Metropolitan News-Enterprise


Tuesday, November 30, 2010


Page 1


C.A. Upholds Security Deposit Award for Greek Princess

Justices Say Soap Opera Actress Who Leased Beverly Hills Abode Acted in Bad Faith


By STEVEN M. ELLIS, Staff Writer


Former soap opera actress Lisa Marie must pay nearly $233,000 to the crown princess of Greece for wrongfully withholding a $75,000 security deposit for a lease on a Beverly Hills home, this district’s Court of Appeal ruled yesterday.

Div. Two, in an unpublished opinion, said Princess Marie-Chantal was entitled to actual damages plus twice the amount of the deposit because Smith, who appeared on General Hospital in 1980, acted in bad faith when she withheld nearly $59,000 of the deposit.

 The princess sued in 2008, claiming that Marie’s deductions for alleged damage to furniture stored in the home were unsupported. Marie-Chantal also contended that deductions for photography and administrative expenses, and for loss of estimated rent were not permitted under California’s security deposit law, Civil Code Sec. 1950.5.

The law generally allows landlords to withhold security deposits only for defaults in rent; for repairs not due to ordinary wear and tear; or for cleaning to bring the premises back to the same condition that existed when the lease began. It also authorizes damages of up to twice the deposit amount, plus actual damages, if the landlord makes deductions in bad faith.

The Los Angeles Superior Court entered a default judgment against Marie in November 2008 after she failed to answer. The actress, through attorney Kathryn Stanton, moved later that month to quash service of process, claiming that the summons was only left on her doorstep, but Judge Zaven V. Sinanian denied the motion after Marie-Chantal provided a declaration by a process server who said he personally served a woman who identified herself as Marie.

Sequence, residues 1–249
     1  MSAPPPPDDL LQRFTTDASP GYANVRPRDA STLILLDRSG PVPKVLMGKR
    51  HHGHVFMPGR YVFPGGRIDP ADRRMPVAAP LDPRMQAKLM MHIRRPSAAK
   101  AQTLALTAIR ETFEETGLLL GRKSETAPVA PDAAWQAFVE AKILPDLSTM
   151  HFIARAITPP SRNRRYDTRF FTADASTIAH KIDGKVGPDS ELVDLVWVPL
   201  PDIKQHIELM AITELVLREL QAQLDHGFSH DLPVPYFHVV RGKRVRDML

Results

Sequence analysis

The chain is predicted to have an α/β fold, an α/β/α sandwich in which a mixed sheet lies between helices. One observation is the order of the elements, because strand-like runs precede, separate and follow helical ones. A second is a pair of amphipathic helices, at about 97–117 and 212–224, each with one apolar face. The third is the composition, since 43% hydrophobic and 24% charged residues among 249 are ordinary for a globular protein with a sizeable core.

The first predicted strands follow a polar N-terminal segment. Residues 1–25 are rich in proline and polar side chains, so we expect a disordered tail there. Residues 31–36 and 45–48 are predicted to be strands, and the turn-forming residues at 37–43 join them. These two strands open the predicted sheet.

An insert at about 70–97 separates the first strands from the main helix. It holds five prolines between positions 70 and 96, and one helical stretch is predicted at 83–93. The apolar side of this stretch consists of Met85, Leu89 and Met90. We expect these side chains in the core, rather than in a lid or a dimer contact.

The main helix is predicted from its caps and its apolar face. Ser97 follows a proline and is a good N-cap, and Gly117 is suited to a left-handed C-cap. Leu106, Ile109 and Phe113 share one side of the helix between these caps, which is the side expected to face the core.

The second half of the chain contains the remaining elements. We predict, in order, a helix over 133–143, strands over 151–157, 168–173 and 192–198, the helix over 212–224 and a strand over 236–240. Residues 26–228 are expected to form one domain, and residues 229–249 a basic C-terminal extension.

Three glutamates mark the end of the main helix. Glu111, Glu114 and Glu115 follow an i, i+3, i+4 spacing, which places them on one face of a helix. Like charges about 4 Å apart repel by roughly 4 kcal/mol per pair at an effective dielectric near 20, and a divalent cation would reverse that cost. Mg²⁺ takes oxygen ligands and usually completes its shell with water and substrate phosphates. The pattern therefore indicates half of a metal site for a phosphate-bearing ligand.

Sinanian ordered Marie to file an answer and a motion to set aside the default within 10 days. The actress, through attorney Richard Gordon, did so, alleging “mistake, inadvertence, surprise or excusable neglect.”

The judge, however, rejected the contention and said Marie failed to demonstrate any attorney fault. He entered judgment for the princess and awarded her $225,000 in damages, plus $17,299.89 in prejudgment interest and $582.80 in costs.

On appeal, Marie argued that Sinanian should have quashed the service of process, but Presiding Justice Roger W. Boren said the process server’s declaration gave the trial court “ample proof” of service warranting entry of the default.

He also wrote that the trial court did not abuse its discretion in denying relief from the default because Marie failed to show any misconduct by either of her attorneys.

Boren pointed out that Marie submitted an “attorney fault” affidavit by Stanton indicating that she was engaged only to file the motion to quash, and not actually admitting any misconduct. He also reasoned that the actress’ “failure to prevail” did not establish misconduct by Gordon, and he noted that she submitted no fault affidavit from Gordon.

The justice then said that Marie could not show any actual mistake because her decision to retain Stanton for the limited purpose of quashing service represented a “conscious and apparently strategic decision.”

Boren further concluded that the trial court correctly calculated damages, rejecting the actress’ argument that they should be offset by a $16,045 check she sent to Marie-Chantal, which the princess never cashed. Writing that Marie’s default admitted the allegations in the complaint, and that she failed to meet her burden to prove the reasonableness of the deductions, he said Sinanian acted within his discretion in awarding double the amount of the deposit, plus the deposit itself, because the uncontroverted evidence demonstrated bad faith.

Justices Judith M. Ashmann-Gerst and Victoria M. Chavez joined Boren in his opinion.

The case is Marie-Chantal v. Marie, B219129.


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